Tim Maly reports on Alex Gianturco, a World of Warcraft player who uses espionage and psychological warfare to destroy rival guilds:
An aggressor, he says, can untie the binds of community by putting pressure on the group until individuals stop thinking of themselves as part of the larger collective. Power blocs in Eve are made up of alliances, which are made up of corporations, which are made up of individual people. In a strong alliance, individuals think of themselves as part of the greater whole. As an alliance weakens, individuals experience a shift in identity. They think differently about who they are.
“Pressure and not having any fun in the game makes pilots blame the alliance for their failures — ‘my alliance sucks, but my corp is great’?“ Gianturco says. “Enough people shift identity from ‘I’m a member of Band of Brothers’ [an alliance] to ‘I’m a member of Reikoku’ [a corporation], and it’s just a matter of time before those corps blame one another for the alliance’s failures.”
When it comes to putting pressure on your enemies, not all adversity is created equal, he says. Dramatic wins or losses, though exciting, do little to turn the tide of war. Humans are quite adept as rationalizing these sorts of events. If you lose one big battle, you can tell yourself that the other guys cheated, or that it was server lag.
Instead, Gianturco suggests a campaign of sustained low-level misery. “The trick is to find what the enemy hates the most and feed it to them nonstop. You listen to their discourse and find the core of their identity and then step on it as hard as you can.”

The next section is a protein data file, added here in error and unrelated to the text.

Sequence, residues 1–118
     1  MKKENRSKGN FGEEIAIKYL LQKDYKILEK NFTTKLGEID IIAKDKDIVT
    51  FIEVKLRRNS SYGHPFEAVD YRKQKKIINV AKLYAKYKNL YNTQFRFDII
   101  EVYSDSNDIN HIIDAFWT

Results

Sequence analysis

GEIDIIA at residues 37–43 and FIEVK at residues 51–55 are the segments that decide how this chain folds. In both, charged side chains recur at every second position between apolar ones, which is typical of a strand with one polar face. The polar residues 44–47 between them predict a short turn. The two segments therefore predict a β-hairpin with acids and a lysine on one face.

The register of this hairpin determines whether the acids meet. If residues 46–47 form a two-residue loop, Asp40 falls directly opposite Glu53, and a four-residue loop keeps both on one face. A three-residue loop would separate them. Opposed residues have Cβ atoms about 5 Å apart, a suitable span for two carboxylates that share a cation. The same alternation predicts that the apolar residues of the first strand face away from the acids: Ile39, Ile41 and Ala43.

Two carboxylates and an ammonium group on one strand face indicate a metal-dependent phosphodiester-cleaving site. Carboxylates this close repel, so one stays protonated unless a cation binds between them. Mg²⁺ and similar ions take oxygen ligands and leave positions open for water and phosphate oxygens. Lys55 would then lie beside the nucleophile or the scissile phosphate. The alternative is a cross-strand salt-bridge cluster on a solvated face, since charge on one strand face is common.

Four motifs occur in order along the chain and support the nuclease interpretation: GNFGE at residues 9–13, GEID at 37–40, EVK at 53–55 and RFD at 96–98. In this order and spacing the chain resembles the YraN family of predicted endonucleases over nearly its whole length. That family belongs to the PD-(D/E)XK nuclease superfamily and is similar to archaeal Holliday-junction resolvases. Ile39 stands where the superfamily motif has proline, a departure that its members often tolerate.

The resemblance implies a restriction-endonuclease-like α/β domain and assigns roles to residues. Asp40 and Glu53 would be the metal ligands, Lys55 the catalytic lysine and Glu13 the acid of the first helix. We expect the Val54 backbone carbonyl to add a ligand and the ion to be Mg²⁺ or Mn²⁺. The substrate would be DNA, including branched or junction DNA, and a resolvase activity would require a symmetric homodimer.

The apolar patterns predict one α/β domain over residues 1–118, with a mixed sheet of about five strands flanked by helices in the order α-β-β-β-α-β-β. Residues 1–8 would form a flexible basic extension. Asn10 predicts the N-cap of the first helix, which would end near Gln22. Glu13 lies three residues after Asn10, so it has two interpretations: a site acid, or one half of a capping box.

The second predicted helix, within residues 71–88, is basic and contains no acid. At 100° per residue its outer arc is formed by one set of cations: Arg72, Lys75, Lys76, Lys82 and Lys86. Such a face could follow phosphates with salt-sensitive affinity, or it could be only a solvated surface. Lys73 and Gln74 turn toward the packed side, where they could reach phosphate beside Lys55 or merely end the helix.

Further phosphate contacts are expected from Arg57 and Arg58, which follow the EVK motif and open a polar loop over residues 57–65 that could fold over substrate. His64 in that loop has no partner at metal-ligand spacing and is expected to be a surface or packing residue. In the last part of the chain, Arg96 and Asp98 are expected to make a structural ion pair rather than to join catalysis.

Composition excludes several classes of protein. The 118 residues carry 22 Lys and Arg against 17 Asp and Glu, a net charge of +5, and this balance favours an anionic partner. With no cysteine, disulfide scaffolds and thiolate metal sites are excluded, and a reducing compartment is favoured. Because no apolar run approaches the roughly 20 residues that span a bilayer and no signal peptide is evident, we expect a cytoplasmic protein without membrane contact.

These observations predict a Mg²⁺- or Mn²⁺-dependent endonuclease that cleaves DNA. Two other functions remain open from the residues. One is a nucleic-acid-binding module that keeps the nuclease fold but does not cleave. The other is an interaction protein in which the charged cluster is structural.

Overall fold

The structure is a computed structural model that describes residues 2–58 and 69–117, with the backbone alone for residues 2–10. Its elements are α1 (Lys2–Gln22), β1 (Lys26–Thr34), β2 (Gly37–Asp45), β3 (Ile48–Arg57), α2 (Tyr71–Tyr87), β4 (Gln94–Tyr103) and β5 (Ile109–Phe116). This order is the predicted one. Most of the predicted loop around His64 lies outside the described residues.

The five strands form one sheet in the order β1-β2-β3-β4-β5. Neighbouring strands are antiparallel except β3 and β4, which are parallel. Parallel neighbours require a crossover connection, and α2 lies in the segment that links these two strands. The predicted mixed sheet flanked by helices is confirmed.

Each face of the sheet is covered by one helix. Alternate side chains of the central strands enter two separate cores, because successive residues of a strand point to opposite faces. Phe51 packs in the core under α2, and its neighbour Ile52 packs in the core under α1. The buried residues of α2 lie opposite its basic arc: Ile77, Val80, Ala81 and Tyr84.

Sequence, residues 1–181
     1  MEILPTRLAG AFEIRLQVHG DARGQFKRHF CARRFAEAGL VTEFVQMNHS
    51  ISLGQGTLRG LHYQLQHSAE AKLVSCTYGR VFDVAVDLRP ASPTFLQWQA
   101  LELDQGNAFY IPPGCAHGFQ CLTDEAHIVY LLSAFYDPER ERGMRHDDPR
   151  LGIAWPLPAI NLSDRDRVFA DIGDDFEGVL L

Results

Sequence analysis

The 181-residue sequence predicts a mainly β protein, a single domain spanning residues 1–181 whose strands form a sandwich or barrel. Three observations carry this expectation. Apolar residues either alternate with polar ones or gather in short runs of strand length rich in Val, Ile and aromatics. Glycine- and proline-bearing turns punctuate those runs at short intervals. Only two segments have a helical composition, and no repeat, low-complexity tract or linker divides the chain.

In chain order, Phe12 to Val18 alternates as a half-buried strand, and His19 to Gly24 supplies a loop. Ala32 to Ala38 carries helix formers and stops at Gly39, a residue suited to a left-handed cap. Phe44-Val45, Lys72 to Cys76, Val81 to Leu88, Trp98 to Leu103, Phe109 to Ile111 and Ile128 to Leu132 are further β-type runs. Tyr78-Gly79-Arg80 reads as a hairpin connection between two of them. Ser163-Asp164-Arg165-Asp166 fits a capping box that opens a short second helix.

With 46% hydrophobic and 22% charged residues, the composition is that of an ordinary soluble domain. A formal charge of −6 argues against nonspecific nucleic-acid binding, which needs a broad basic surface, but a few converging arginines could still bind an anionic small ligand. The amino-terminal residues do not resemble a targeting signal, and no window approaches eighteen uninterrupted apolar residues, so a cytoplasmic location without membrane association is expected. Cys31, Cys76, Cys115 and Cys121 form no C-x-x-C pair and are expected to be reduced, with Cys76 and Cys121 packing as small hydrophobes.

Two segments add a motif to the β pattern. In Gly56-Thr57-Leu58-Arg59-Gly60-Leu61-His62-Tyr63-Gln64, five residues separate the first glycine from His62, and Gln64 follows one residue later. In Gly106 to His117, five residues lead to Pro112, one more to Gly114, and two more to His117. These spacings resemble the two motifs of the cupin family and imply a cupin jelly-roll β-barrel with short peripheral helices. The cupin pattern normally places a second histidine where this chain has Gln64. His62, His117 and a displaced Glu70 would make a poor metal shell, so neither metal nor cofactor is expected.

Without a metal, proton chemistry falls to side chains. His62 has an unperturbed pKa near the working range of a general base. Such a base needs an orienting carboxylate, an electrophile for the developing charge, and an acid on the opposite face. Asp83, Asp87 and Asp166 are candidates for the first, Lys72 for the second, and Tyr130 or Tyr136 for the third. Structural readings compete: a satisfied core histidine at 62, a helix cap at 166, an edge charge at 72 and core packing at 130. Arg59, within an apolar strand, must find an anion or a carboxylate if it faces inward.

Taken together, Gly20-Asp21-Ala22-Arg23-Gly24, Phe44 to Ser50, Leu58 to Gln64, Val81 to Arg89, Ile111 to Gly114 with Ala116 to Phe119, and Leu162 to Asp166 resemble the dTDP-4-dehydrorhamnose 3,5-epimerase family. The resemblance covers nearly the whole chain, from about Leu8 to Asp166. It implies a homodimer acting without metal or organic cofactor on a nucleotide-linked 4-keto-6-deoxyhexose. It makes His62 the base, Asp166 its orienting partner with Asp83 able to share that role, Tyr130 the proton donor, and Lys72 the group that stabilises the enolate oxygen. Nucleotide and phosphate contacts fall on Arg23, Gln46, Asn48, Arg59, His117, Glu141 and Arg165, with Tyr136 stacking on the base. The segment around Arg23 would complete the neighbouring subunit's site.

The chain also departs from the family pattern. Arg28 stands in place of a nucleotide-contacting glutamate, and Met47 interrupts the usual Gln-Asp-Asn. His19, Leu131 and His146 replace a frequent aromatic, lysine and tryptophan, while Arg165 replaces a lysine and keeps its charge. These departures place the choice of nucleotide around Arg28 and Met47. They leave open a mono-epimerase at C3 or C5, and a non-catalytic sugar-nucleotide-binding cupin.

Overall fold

Figuring out what part to step on is the job of Gianturco’s spies. With access to the private communications of his enemies, Gianturco can figure out what parts of the game they hate and then force them to live only that.
Full Story: The New Inquiry: How to Destroy a Community
Deeply weird piece by Mark Ames and Alexander Zaitchik on the murder of CIA operative/godfather of the goldbug movement Nicholas Deak, which uncovers some possible connections between the homeless woman who killed him, Lois Lang, and the CIA’s MK-ULTRA program:
Police responding to the motel room took Lang to nearby Santa Clara Valley Medical Center. For the next month, she was put under the care of Dr. Frederick Melges, a psychiatrist associated with the Stanford Research Institute. One of Dr. Melges’ main areas of research: drug-aided hypnosis. A few years after Lang was put in Melges’ care, the New York Times exposed the Stanford Research Institute as a center for CIA research into “brain-washing” and “mind-control” experiments in which unwitting subjects were dosed with hallucinogenic drugs and subjected to hypnosis. Melges, who died in 1988, is today remembered in the field for his research on the relationship between perceptions of time and mental illness.
Full Story: Salon: James Bond and the killer bag lady